Seminar on Child Sexual Abuse
Ralph C. Underwager
I. History and Scope of the Problem
A. Children have been abused by adults throughout history (Bakan, 1971; Wakefield &
B. Beginning with the passage of the initial British child labor laws in the
mid-nineteenth century, care and concern for children began to be addressed through
government institutions and policies. The concept of a protected childhood in the home
took hold in American and Western European culture. The history of the development of the
system responding to child abuse demonstrates the scope and limitations of social change
policies in a democratic society (Nelson, 1984).
1. Orphanages and institutions were built, adoption services, foster care systems,
reformatories, and juvenile courts were established and compulsory education laws were
2. In the United States, following the passage of the Child Abuse Prevention and
Treatment Act (CAPTA) in 1974, laws mandating reporting suspected child abuse were passed
in all fifty states by 1976.
3. These laws made child abuse in the United States a national issue beginning in 1972
and focused federal intervention on the goal of assuring every child an abuse free life
4. The result in the United States was that there was a twenty-fold increase in the
number of reports of all forms of child abuse and neglect.
a. In 1993 there were approximately three million reports of child abuse and neglect
compared to 1963 when 150,000 cases were reported (Besharov &
b. Of these total reports, nearly half were for sexual abuse (Lamb, 1994).
c. As a result of the reporting laws, child abuse and neglect deaths have fallen from
3000 to 5000 a year to about 1100 a year (Besharov & Laumann, 1996).
d. Much child abuse still goes unreported in the United States.
e. But there has also been a significant increase in the number of reports that are
unfounded. In the United States the rate of unfounded reports is now between 60% and 65%.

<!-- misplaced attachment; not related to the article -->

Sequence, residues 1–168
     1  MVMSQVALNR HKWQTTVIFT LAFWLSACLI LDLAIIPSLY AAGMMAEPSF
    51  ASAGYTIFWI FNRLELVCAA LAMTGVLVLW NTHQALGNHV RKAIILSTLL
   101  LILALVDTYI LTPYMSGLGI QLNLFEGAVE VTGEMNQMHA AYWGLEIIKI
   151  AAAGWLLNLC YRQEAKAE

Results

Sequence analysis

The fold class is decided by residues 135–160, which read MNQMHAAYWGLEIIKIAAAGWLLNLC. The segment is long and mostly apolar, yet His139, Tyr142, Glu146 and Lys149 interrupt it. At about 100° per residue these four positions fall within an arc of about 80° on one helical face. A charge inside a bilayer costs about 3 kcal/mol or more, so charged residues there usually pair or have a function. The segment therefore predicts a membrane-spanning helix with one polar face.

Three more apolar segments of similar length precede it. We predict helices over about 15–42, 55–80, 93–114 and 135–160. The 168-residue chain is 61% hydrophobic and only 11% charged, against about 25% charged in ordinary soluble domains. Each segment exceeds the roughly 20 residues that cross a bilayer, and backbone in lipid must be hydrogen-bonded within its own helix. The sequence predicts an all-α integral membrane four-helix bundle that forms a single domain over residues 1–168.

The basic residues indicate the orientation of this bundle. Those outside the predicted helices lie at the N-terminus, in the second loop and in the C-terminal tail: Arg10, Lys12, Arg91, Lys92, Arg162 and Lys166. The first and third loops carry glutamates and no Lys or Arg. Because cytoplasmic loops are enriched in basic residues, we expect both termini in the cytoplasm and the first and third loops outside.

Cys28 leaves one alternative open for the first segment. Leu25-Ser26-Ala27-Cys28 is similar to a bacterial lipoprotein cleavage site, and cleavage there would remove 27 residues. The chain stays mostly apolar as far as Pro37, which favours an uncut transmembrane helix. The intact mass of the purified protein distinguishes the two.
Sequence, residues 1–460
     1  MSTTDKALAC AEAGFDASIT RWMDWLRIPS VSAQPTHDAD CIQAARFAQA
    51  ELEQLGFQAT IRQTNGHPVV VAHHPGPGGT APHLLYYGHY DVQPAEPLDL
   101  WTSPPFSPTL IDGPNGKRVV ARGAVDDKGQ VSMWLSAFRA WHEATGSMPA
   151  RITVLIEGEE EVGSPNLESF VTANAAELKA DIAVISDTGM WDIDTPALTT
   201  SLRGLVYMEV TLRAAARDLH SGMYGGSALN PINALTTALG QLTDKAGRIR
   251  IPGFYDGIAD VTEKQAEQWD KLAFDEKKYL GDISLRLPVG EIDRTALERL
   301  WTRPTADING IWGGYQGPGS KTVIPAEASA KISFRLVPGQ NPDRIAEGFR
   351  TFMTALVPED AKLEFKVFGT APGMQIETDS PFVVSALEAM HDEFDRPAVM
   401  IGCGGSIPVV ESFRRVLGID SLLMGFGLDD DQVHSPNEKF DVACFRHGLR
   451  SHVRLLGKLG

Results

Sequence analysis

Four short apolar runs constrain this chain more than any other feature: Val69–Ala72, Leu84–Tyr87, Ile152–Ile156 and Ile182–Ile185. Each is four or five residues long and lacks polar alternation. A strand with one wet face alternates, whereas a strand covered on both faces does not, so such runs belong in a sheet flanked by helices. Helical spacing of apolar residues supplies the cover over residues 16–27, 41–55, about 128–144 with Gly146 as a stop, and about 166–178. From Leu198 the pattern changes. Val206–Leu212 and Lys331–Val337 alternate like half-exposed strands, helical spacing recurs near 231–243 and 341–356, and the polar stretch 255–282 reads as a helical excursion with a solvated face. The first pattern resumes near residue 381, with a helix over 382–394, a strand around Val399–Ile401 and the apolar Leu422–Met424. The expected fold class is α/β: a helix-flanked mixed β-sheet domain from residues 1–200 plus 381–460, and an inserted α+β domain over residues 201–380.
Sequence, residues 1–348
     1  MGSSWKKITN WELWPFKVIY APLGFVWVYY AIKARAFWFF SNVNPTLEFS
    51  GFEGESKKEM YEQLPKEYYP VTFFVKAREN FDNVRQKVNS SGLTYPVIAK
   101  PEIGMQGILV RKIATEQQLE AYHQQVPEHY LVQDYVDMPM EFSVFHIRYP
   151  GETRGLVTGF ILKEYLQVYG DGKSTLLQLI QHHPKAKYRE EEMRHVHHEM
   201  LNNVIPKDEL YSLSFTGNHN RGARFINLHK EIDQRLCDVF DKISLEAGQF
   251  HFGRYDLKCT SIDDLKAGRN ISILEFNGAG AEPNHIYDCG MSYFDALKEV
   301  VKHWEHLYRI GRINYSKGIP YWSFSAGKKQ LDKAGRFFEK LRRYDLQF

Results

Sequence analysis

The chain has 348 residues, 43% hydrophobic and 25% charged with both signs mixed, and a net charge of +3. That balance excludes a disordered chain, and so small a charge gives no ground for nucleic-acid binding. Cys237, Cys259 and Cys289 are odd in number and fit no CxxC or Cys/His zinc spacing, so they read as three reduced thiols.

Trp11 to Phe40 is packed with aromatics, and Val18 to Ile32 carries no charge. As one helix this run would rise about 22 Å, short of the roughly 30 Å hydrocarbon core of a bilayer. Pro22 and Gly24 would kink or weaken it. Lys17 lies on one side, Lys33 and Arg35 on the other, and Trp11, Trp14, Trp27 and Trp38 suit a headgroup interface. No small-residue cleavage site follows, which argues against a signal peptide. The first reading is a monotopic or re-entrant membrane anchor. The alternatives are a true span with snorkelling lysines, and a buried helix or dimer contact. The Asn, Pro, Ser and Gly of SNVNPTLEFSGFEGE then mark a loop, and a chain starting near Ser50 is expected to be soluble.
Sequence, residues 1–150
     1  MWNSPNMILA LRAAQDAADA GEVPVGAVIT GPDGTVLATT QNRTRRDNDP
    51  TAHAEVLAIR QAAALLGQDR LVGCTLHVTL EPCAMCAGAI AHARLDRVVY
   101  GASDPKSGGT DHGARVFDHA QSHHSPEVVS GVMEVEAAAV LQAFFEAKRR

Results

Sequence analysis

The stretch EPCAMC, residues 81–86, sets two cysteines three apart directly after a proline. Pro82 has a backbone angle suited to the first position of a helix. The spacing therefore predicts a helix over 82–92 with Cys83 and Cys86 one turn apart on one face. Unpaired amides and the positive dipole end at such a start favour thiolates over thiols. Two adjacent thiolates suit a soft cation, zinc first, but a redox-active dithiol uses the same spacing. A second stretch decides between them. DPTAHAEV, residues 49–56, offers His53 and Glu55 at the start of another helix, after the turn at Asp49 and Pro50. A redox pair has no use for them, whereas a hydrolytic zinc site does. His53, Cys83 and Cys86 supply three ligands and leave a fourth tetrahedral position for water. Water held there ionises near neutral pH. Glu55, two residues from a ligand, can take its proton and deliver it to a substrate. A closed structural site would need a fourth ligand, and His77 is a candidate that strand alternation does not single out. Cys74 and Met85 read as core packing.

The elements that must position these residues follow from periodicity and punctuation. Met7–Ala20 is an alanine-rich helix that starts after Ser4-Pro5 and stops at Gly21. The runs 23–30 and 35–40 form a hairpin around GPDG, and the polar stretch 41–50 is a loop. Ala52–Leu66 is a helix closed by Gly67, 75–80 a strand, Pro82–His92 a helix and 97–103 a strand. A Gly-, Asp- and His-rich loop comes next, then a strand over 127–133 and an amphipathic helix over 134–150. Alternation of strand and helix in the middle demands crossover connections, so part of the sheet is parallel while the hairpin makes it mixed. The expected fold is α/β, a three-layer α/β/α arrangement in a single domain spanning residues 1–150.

In 1974, the unfounded rate was 45% (Besharov & Laumann, 1996).
f. This dramatic increase in unfounded reports overloads the system and prevents help
from reaching children who actually are being abused. The protective service agencies are
making mistakes on both sides.
5. Most of the other Western industrialized nations have also witnessed substantial
increases in the number of reported incidents of child abuse.
C. How common is child sexual abuse?
1. Incidence and prevalence
a. Incidence is the rate of new cases occurring during a prescribed period of time for
a given population.
b. Prevalence is defined as the ratio of all active cases present in a specific
population at a particular point in time.
c. Reported incidence rates are generally lower than prevalence rates.
d. Both reported incidence rates and prevalence rates of child sexual abuse are very
e. The incidence rate for 1992 in the United States was 0.7 and is lower in other
countries (Lamb, 1994).
2. Estimates for prevalence range from 62% for women and 30% for males to 5% for
females and 3% for males (Wakefield & Underwager, 1988).
3. The discrepancy in estimates is due to differences in methodology and definitions
between studies. Studies differ on the ages of the victim and perpetrator, whether the
study included noncontact experiences, the characteristics of the samples, and the method
of data gathering.
4. A study with good methodology and a community sample of 3132 found a lower
prevalence rate: 5.3% (6.8% for females and 3.8% for males) (Siegel, et al., 1987).
5. Studies in other countries have reported prevalence rates ranging from 7% to 36% for
women and 3% to 29% for men (Finkelhor, 1994).